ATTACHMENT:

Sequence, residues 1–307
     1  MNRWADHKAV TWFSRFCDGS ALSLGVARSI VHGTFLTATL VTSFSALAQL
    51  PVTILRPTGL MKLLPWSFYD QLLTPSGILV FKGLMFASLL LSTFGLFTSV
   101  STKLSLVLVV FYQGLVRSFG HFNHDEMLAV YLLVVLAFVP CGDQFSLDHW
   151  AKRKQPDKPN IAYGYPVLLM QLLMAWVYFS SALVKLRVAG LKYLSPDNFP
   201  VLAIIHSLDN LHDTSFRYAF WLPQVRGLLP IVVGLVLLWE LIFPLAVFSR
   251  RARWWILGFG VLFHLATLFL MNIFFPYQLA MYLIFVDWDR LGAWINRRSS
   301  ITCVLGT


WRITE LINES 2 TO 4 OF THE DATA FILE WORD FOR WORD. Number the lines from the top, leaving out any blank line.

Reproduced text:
     1  MNRWADHKAV TWFSRFCDGS ALSLGVARSI VHGTFLTATL VTSFSALAQL
    51  PVTILRPTGL MKLLPWSFYD QLLTPSGILV FKGLMFASLL LSTFGLFTSV
   101  STKLSLVLVV FYQGLVRSFG HFNHDEMLAV YLLVVLAFVP CGDQFSLDHW